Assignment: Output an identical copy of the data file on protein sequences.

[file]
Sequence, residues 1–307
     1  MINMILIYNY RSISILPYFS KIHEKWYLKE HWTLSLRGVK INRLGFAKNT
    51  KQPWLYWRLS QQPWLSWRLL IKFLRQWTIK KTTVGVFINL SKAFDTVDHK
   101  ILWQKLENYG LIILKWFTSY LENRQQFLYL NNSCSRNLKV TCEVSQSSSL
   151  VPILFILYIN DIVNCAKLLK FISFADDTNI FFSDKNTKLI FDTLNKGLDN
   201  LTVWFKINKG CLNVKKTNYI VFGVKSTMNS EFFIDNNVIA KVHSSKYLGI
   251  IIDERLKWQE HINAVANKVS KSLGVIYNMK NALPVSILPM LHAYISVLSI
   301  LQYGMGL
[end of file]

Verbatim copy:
Sequence, residues 1–307
     1  MINMILIYNY RSISILPYFS KIHEKWYLKE HWTLSLRGVK INRLGFAKNT
    51  KQPWLYWRLS QQPWLSWRLL IKFLRQWTIK KTTVGVFINL SKAFDTVDHK
   101  ILWQKLENYG LIILKWFTSY LENRQQFLYL NNSCSRNLKV TCEVSQSSSL
   151  VPILFILYIN DIVNCAKLLK FISFADDTNI FFSDKNTKLI FDTLNKGLDN
   201  LTVWFKINKG CLNVKKTNYI VFGVKSTMNS EFFIDNNVIA KVHSSKYLGI
   251  IIDERLKWQE HINAVANKVS KSLGVIYNMK NALPVSILPM LHAYISVLSI
   301  LQYGMGL